Bomb Records Are Lost, U.S. Says|
Nuclear Bomb Records Are Lost,
The missing U.S. records were sought by the Natural Resources Defense Council, an environmental group, which had filed a request for the documents under the Freedom of Information Act.
The agency told the environmental group in a series of letters that "nuclear weapon disassembly information . . . could not be located." In a letter this week to Energy Secretary Federico Pena, the council asked the department to find or reconstruct the missing data.
In a statement released Thursday, an Energy Department spokeswoman suggested that the department had not conducted an exhaustive search and would "explore how this information might be made available" to the environmental group.
The Energy Department never has disclosed exactly how many nuclear bombs it has produced, but outside estimates peg the number at 70,000 warheads since World War II. Of those, the Natural Resources Defense Council has estimated that 11,000 remain in the Pentagon's strategic stockpile.
The rest of the weapons presumably were destroyed, which should be reflected in unclassified Energy Department records, according to Thomas Cochran, a nuclear weapon expert on the council.
But the Energy Department responded to the group's request for the data with a letter saying that it could not locate any records for destruction of bombs before 1975, when assembly and dismantlement sites were operated in New Mexico, Texas, Iowa and Tennessee.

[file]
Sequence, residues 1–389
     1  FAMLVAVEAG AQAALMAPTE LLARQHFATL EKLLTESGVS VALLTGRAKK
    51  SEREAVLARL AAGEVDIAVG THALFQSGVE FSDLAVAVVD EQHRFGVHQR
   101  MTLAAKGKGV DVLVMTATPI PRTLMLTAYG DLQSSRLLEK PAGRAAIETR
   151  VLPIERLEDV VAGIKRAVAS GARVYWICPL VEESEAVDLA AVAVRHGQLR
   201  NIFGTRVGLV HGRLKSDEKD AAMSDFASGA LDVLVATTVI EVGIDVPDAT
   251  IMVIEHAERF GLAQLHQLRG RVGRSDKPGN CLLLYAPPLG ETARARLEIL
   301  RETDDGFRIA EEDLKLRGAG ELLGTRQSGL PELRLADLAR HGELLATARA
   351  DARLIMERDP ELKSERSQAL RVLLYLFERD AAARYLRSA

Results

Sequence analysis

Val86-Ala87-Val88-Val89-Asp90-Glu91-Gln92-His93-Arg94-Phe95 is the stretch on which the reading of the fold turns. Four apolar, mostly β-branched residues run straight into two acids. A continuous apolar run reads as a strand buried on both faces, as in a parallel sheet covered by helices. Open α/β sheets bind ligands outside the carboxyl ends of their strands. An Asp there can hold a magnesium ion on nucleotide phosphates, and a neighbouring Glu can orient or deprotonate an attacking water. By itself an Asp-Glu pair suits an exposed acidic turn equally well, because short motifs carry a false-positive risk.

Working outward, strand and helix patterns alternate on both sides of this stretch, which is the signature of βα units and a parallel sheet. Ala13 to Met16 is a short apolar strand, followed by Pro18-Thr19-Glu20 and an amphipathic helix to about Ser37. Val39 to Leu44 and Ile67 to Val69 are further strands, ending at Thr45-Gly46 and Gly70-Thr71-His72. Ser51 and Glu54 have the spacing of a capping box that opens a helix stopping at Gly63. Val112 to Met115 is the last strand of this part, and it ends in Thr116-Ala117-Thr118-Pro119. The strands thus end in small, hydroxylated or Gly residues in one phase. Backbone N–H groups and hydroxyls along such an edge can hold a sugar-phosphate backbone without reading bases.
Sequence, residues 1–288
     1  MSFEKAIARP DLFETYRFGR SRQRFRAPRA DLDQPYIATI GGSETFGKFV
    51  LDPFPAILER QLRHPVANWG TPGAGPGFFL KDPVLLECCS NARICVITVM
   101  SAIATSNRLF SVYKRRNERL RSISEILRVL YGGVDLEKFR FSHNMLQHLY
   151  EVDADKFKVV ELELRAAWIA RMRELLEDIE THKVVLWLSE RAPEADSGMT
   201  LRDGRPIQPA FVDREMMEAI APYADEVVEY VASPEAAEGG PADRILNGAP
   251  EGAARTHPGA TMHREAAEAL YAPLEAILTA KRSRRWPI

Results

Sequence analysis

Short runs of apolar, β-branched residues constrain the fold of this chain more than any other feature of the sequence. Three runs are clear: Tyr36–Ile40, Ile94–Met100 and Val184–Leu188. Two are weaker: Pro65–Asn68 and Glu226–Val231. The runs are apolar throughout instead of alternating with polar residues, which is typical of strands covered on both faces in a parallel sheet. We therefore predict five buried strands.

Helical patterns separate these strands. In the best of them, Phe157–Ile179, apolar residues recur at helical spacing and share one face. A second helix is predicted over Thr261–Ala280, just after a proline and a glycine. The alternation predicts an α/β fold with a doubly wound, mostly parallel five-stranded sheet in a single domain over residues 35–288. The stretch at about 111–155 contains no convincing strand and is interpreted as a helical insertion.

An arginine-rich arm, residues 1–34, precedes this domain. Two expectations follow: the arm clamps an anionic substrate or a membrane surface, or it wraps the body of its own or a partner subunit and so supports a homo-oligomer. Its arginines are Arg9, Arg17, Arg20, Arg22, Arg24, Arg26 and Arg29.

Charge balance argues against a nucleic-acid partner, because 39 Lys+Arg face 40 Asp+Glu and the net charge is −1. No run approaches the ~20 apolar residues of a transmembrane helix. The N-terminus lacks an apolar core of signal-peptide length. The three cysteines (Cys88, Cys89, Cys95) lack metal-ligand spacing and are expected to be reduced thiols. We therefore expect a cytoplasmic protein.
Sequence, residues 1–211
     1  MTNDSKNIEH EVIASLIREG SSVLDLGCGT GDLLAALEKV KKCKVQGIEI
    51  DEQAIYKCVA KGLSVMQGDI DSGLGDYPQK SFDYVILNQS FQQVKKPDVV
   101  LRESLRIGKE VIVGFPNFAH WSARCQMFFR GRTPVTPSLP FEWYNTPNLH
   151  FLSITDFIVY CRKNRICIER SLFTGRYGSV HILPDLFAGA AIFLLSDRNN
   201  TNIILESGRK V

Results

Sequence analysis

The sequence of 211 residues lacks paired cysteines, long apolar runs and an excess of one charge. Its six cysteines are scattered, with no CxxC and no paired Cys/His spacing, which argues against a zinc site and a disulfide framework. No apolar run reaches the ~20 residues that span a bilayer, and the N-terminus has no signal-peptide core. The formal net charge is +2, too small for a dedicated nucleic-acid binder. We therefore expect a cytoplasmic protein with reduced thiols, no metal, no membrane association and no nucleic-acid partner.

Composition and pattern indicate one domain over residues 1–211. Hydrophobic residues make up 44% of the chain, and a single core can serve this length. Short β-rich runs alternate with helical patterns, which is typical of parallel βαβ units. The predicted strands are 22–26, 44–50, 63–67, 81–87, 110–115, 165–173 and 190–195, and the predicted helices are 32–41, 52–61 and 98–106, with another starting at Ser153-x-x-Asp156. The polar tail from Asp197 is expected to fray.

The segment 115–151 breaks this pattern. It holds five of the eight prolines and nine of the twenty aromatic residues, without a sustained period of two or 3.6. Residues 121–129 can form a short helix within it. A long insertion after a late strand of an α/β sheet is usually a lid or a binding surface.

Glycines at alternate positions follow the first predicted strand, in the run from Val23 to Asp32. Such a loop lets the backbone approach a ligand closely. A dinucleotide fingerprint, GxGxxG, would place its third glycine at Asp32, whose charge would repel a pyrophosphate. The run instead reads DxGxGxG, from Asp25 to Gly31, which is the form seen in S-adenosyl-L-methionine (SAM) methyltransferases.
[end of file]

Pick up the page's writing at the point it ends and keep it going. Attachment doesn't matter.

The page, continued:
Available records show that since 1975 the government has destroyed 26,735 bombs at facilities in Oak Ridge, Tenn., and Amarillo, Texas. An additional 1,741 bombs are awaiting destruction at the Energy Department's Pantex Plant in Amarillo.
But that leaves about 30,000 bombs unaccounted for, according to Cochran and the council's estimates.
The absence of documentation mirrors serious problems, uncovered in the early 1990s, with the Energy Department's accounting for its plutonium, the radioactive material that undergoes fission in a bomb. Of the 95.5 tons of plutonium made in the United States after World War II, the Energy Department was unable to account for 2.8 tons, Cochran said.
A nuclear bomb is considered destroyed when technicians remove the conventional high explosive that surrounds a plutonium sphere inside the bomb.
The Energy Department keeps reports on the time, location and number of weapons destroyed. It is those records that are missing for a period of 30 years.
"I find it extraordinary that they didn't keep the records," Cochran said. "It is going to be difficult to ever have a full reconciliation."
The Energy Department spokeswoman said, "We believe we can provide a reconciliation of our production and dismantlement history."
Such a reconciliation will be crucial if nuclear weapons are ever to be eliminated, because every nuclear power will want to ensure that the other powers do not have secret stockpiles, he said. [Unedited] Compliments of Proposition One Committee
Any resemblance in this material to any
person is purely
coincidental and is unintentional.